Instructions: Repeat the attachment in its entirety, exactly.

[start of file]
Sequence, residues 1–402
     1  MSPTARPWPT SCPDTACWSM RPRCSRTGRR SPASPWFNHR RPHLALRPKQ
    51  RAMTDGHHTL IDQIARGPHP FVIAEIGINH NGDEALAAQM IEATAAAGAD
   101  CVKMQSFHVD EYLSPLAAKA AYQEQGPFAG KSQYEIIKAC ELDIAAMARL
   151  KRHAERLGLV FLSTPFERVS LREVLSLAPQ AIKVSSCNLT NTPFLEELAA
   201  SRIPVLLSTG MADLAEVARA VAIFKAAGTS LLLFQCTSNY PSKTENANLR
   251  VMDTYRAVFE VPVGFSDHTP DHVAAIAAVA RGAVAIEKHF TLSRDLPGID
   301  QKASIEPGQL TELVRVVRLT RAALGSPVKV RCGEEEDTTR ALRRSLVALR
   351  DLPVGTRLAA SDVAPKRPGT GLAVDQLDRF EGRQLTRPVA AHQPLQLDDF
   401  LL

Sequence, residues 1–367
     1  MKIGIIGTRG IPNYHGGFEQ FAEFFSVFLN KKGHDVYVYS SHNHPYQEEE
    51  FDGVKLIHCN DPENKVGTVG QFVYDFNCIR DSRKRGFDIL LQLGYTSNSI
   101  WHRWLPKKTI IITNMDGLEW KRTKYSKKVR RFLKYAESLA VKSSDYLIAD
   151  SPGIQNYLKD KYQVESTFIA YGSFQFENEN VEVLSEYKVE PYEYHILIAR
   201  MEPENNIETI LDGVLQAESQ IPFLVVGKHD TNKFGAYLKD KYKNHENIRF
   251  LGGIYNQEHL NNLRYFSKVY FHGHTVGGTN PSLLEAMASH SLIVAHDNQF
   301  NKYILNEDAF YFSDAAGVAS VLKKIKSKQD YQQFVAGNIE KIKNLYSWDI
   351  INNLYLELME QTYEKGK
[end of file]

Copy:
Sequence, residues 1–402
     1  MSPTARPWPT SCPDTACWSM RPRCSRTGRR SPASPWFNHR RPHLALRPKQ
    51  RAMTDGHHTL IDQIARGPHP FVIAEIGINH NGDEALAAQM IEATAAAGAD
   101  CVKMQSFHVD EYLSPLAAKA AYQEQGPFAG KSQYEIIKAC ELDIAAMARL
   151  KRHAERLGLV FLSTPFERVS LREVLSLAPQ AIKVSSCNLT NTPFLEELAA
   201  SRIPVLLSTG MADLAEVARA VAIFKAAGTS LLLFQCTSNY PSKTENANLR
   251  VMDTYRAVFE VPVGFSDHTP DHVAAIAAVA RGAVAIEKHF TLSRDLPGID
   301  QKASIEPGQL TELVRVVRLT RAALGSPVKV RCGEEEDTTR ALRRSLVALR
   351  DLPVGTRLAA SDVAPKRPGT GLAVDQLDRF EGRQLTRPVA AHQPLQLDDF
   401  LL

Sequence, residues 1–367
     1  MKIGIIGTRG IPNYHGGFEQ FAEFFSVFLN KKGHDVYVYS SHNHPYQEEE
    51  FDGVKLIHCN DPENKVGTVG QFVYDFNCIR DSRKRGFDIL LQLGYTSNSI
   101  WHRWLPKKTI IITNMDGLEW KRTKYSKKVR RFLKYAESLA VKSSDYLIAD
   151  SPGIQNYLKD KYQVESTFIA YGSFQFENEN VEVLSEYKVE PYEYHILIAR
   201  MEPENNIETI LDGVLQAESQ IPFLVVGKHD TNKFGAYLKD KYKNHENIRF
   251  LGGIYNQEHL NNLRYFSKVY FHGHTVGGTN PSLLEAMASH SLIVAHDNQF
   301  NKYILNEDAF YFSDAAGVAS VLKKIKSKQD YQQFVAGNIE KIKNLYSWDI
   351  INNLYLELME QTYEKGK